Unit History: Met Office

Met Office
Arising out of the Brussels Conference of Maritime Nations in 1853 and consultations, initiated by the Board of Trade with the Royal Society in the following year, a Meteorological Department of the board was formed at the beginning of August 1854 for the collection and co-ordination of meteorological observations made at sea.
The first Superintendent, Vice-Admiral Robert FitzRoy, RN - formerly captain of the Beagle, extended the functions of the department by initiating regular weather reports from a network of 15 land stations, employing for the purpose the recently invented electric telegraph. With their aid he issued storm warnings to certain ports for the benefit of seamen and also began the practice of ’forecasting’.
In 1867 the name of the department was changed to the Meteorological Office and in the same year the office was transferred from the Board of Trade and placed under the administrative control of a Meteorological Committee, the members of which were appointed by the Royal Society. A grant in aid was assigned by the Treasury, the committee being responsible for the administration of the grant.
Following a review of these arrangements by a Treasury committee in 1877, the committee was replaced by a paid council of 6 members, of whom the Hydrographer of the Navy was one and the remaining 5 were nominated by the Royal Society.  The director of the office became Secretary of the Meteorological Council, while retaining informal administrative control.
In 1905, following the recommendations of another Treasury committee, the office was placed under the management of a reconstituted Meteorological Committee, consisting of the director as chairman, the Hydrographer, 2 members appointed by the Royal Society, and one each appointed by the Board of Trade, the Board of Agriculture and Fisheries and the Treasury. This committee was responsible for administering the Treasury grant in aid, but the director was responsible for the day-to-day administration of the office.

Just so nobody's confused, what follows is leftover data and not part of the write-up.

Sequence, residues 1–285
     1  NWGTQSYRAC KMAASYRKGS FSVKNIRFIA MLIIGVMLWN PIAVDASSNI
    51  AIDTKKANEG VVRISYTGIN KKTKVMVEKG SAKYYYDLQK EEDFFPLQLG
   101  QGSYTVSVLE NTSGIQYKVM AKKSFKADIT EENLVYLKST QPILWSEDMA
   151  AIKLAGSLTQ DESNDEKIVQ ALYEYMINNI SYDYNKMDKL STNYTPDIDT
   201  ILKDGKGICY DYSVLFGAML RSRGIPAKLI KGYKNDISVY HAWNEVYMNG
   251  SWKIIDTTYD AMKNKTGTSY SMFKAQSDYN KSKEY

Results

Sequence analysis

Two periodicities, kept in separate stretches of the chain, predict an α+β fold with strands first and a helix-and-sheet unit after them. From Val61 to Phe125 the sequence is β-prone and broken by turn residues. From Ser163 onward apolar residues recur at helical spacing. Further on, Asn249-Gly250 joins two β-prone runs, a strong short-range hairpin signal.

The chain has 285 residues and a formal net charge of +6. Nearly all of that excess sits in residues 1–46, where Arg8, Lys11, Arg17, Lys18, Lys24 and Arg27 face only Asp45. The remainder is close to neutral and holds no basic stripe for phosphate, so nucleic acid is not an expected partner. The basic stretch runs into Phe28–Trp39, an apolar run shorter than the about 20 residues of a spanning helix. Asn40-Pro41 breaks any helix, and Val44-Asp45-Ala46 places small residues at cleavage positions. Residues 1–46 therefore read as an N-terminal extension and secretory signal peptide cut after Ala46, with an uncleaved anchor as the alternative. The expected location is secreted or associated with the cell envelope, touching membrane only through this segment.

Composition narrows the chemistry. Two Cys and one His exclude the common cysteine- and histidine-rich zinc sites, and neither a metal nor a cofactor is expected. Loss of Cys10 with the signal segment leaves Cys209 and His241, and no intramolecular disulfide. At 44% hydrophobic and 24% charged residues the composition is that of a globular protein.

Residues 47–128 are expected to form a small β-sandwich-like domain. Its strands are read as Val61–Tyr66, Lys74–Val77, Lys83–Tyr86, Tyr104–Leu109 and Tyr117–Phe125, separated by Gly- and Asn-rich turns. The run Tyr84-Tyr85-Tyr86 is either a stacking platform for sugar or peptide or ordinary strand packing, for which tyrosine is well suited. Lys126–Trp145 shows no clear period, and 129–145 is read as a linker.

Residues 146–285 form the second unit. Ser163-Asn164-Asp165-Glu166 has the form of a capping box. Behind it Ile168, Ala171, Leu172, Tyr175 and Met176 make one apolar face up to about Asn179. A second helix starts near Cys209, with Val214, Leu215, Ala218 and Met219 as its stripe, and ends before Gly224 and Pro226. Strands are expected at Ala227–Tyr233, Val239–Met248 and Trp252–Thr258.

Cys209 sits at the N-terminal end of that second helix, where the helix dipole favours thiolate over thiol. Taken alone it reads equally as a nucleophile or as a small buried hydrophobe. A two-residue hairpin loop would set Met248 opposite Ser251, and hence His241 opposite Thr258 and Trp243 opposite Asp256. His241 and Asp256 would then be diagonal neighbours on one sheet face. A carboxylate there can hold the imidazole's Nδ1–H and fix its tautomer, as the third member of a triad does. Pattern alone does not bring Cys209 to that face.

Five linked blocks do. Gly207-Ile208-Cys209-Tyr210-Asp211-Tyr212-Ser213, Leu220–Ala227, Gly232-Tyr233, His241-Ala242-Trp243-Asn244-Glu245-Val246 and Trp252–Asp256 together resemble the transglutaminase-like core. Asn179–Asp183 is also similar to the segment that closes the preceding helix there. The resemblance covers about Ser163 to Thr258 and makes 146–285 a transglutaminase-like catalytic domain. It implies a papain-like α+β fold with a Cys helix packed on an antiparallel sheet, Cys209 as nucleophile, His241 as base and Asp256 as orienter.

In 1910 the office took over the administration of Kew Observatory from the National Physical Laboratory.  Rapid developments in meteorology also led to the establishment of the first outstation at South Farnborough in 1912 to give advice to pilots.
By 1914 the Meteorological Office was organised into separate Marine, Forecast and Storm Warning, Statistics and Library, Observing, Instruments, and Correspondence and Accounts Branches.
During the First World War 3 other meteorological services were developed: that of the Air Ministry, responsible for the supply of information for airships; that of the Admiralty, developed to meet the needs of the Royal Navy; and the Meteorological Section of the Royal Engineers, formed to meet the requirements of aircraft and gas warfare in France. The unco-ordinated development of these 4 services resulted in serious duplication and overlapping, and by 1922, following the recommendations of a sub-committee of the Research Committee of the Cabinet, the 3 younger services were absorbed into the Meteorological Office, which was to become a central State Meteorological Service.
The reconstituted office was attached originally to the Civil Aviation Department of the Air Ministry, the director being appointed by the Air Council. The sub-committee’s recommendation that there should be a board of management for the office was met by a reorganised Meteorological Committee, representative of all departmental and scientific interests concerned, to which all important policy questions affecting the office and all appointments to higher posts on its staff were referred for advice. In 1927 the office’s responsibility for research into atmospheric pollution was transferred to the Department of Scientific and Industrial Research.
To meet wartime needs in WWII, there were 3 meteorological services operating in the UK by 1944: the Air Ministry’s Met. Office, the Royal Navy’s Naval Weather Service and the weather servi

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